The peristalsis of the stomach grows larger under the influence of hormones such as cholecystokinin and gastrin in particular, and it is inhibited by secretin, glucagon, vasoactive intestinal peptide, and somatostatin.

Thanks to the free passing of the liquid through the pylorus, the speed of its evacuation mostly depends on the different levels of pressure in the stomach and the duodenum. In addition, pressure in the proximal section of the stomach is the main regulator. Evacuation of hard particles from the stomach mostly depends on the resistance of pylorus and, thus, on the size of the particles. Receptors in the small intestine play a role in regulating gastric emptying, together with factors such as its filling, the size of the particles and the viscosity of its content.

The acidic filling is evacuated from the stomach slower than the neutral, hyperosmolar content, which is evacuated slower than the hypoosmolar, and lipids (especially those containing fatty acids with chains of more than 14 carbon atoms), but slower than the cleavage products of proteins (except tryptophan). Both hormonal and nervous mechanisms are involved in regulating evacuation, and secretin plays a particularly important role in its inhibition.


There is one important feature of the entire mucous membrane of the gastrointestinal tract: its ability to partially absorb water and transport it to your blood.

The following text is taken from the textbook “HUMAN PHYSIOLOGY” Volume 3, edited by R. Schmidt and G. Tevs:

Water consumed on an empty stomach is not stored in the proximal part of the stomach, but immediately travels into the distal part of the stomach, from where it is quickly evacuated into the duodenum.

Water consumed with food acts in the same way, but the food stays in the proximal part of the stomach.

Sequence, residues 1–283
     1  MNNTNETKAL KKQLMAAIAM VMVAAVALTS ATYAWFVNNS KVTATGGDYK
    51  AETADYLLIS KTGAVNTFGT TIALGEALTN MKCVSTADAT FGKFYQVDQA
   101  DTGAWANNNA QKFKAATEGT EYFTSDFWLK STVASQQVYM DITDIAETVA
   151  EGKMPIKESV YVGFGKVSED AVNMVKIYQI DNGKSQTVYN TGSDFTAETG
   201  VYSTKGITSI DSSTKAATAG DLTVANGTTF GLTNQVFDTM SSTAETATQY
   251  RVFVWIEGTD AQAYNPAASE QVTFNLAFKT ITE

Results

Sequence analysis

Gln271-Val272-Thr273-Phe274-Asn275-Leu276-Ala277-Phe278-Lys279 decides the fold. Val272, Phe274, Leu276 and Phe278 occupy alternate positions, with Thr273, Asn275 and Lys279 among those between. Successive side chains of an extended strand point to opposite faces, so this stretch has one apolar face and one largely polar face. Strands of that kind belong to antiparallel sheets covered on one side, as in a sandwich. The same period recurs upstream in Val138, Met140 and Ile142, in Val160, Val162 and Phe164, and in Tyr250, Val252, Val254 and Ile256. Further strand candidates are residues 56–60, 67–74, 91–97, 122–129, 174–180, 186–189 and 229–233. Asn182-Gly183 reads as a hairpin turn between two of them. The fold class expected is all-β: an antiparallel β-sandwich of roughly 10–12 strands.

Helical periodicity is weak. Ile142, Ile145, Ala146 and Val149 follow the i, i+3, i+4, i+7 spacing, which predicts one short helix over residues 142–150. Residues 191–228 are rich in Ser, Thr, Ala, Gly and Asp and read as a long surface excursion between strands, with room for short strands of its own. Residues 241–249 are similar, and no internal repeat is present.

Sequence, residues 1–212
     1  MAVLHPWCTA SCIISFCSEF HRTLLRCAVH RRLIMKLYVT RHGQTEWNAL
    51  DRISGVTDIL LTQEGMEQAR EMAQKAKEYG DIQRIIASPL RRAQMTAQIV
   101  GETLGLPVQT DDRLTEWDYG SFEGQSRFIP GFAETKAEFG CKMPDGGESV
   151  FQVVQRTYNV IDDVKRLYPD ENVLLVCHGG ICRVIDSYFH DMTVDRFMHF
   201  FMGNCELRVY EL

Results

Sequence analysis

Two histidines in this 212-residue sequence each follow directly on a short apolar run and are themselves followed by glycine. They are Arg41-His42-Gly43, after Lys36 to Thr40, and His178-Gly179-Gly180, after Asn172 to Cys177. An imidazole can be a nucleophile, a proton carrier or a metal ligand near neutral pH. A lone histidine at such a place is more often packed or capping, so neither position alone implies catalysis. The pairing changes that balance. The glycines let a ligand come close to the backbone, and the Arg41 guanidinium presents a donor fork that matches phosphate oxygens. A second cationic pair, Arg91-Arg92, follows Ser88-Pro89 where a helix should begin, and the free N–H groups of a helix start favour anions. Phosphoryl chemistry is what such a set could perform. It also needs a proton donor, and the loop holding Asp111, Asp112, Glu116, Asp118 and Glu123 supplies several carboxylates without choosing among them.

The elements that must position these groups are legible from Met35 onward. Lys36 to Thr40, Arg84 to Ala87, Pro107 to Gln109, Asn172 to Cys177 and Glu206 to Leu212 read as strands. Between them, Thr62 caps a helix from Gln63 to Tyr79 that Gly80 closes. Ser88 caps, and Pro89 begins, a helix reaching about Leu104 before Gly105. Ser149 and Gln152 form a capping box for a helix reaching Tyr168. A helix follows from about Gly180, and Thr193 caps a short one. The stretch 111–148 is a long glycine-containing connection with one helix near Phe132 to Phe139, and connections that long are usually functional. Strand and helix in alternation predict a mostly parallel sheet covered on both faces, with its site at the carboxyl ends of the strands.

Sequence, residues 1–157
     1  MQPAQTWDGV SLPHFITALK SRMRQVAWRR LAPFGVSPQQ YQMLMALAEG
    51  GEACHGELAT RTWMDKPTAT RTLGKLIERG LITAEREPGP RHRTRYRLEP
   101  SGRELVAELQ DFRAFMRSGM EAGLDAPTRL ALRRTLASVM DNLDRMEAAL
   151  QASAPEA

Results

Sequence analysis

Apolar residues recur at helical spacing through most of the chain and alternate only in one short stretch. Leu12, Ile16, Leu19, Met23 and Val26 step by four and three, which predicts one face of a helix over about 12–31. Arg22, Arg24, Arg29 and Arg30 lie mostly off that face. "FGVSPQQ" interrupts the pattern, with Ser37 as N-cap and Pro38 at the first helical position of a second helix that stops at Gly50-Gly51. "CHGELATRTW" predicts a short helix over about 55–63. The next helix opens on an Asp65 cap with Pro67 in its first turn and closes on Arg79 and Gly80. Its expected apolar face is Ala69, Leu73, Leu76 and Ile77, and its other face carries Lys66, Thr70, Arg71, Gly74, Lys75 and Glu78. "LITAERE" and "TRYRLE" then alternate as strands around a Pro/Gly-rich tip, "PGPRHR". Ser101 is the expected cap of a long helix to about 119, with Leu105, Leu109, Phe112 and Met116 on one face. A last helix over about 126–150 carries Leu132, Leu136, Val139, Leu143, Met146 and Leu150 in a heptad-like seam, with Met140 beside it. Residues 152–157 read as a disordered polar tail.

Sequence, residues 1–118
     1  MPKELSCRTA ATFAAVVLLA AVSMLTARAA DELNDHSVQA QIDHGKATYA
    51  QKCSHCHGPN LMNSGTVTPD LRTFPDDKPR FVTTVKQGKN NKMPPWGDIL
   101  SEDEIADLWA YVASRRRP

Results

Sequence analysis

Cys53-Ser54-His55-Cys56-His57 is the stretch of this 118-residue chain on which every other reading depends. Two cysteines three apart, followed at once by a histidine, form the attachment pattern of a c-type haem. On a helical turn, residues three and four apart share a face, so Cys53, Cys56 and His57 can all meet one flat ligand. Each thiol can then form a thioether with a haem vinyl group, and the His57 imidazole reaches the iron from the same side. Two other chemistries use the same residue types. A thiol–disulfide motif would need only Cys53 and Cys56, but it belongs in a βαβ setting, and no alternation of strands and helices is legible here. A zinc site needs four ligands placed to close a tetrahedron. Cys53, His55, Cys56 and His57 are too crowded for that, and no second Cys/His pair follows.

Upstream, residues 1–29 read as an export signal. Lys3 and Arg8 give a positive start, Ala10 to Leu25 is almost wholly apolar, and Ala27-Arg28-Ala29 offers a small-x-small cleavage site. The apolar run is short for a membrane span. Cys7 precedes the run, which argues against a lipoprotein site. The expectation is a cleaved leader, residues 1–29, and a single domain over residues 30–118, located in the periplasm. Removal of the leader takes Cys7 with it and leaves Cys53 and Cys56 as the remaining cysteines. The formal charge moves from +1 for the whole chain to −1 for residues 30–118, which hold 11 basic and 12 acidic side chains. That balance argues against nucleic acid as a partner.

It’s interesting that even water-based nutritious solutions (those containing glucose) behave a little differently when taken with food: they also remain in the proximal part of the stomach.

There are a number of scientific tests that study the speed of movement of various types of liquids from the stomach through the gastrointestinal tract. According to these, water leaves the stomach somewhere between 5 and 15 minutes after ingestion.

Using MRI, scientists found that there are so-called “pockets” for storing water in the stomach and small intestine. There can be up to 20 of them in the small intestine (in a state of hunger their number is 8 and this is increased with the amount of taken water, each of which can store from 1 to 160 mg of water). The stomach itself has a wall with folds which line the wall of the intestine from the stomach entry point to the pylorus of the duodenum.

In other words, water that you drink during a meal doesn’t fall down like a waterfall into the stomach, flushing everything down into the duodenum along its way — including gastric juice, mucous, and enzymes — as people often believe, but it actually goes into the duodenum and gradually further in portions. Thus, 240 mg of water taken on an empty stomach can travel to the largest gastric fold (the distal stomach) in just two minutes.


Let’s look at the pH level of the stomach and the allegedly catastrophic effect of consuming water with food.